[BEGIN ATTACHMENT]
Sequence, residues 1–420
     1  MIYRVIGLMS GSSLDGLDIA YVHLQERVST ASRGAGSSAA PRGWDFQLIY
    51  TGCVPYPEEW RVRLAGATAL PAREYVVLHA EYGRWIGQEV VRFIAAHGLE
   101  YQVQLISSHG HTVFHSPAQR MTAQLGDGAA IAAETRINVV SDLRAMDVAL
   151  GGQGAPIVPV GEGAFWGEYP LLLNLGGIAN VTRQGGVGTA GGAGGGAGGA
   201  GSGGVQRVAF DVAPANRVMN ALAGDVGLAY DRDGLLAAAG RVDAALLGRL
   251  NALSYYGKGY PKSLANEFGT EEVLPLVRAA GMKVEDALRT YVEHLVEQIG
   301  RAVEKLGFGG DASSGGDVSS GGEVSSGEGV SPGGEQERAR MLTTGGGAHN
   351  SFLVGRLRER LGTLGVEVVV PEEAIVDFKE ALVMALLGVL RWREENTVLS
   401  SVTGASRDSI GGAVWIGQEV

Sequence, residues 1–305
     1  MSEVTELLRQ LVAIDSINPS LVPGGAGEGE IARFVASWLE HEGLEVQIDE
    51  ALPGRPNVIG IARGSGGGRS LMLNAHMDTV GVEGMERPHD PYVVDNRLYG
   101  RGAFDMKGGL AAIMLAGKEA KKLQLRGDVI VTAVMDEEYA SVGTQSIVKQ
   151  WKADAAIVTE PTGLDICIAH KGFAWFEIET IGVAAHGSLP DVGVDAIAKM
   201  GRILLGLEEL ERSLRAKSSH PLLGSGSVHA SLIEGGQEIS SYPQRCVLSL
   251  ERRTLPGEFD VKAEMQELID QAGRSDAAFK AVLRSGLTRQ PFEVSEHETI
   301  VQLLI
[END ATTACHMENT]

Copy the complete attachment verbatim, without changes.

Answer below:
Sequence, residues 1–420
     1  MIYRVIGLMS GSSLDGLDIA YVHLQERVST ASRGAGSSAA PRGWDFQLIY
    51  TGCVPYPEEW RVRLAGATAL PAREYVVLHA EYGRWIGQEV VRFIAAHGLE
   101  YQVQLISSHG HTVFHSPAQR MTAQLGDGAA IAAETRINVV SDLRAMDVAL
   151  GGQGAPIVPV GEGAFWGEYP LLLNLGGIAN VTRQGGVGTA GGAGGGAGGA
   201  GSGGVQRVAF DVAPANRVMN ALAGDVGLAY DRDGLLAAAG RVDAALLGRL
   251  NALSYYGKGY PKSLANEFGT EEVLPLVRAA GMKVEDALRT YVEHLVEQIG
   301  RAVEKLGFGG DASSGGDVSS GGEVSSGEGV SPGGEQERAR MLTTGGGAHN
   351  SFLVGRLRER LGTLGVEVVV PEEAIVDFKE ALVMALLGVL RWREENTVLS
   401  SVTGASRDSI GGAVWIGQEV

Sequence, residues 1–305
     1  MSEVTELLRQ LVAIDSINPS LVPGGAGEGE IARFVASWLE HEGLEVQIDE
    51  ALPGRPNVIG IARGSGGGRS LMLNAHMDTV GVEGMERPHD PYVVDNRLYG
   101  RGAFDMKGGL AAIMLAGKEA KKLQLRGDVI VTAVMDEEYA SVGTQSIVKQ
   151  WKADAAIVTE PTGLDICIAH KGFAWFEIET IGVAAHGSLP DVGVDAIAKM
   201  GRILLGLEEL ERSLRAKSSH PLLGSGSVHA SLIEGGQEIS SYPQRCVLSL
   251  ERRTLPGEFD VKAEMQELID QAGRSDAAFK AVLRSGLTRQ PFEVSEHETI
   301  VQLLI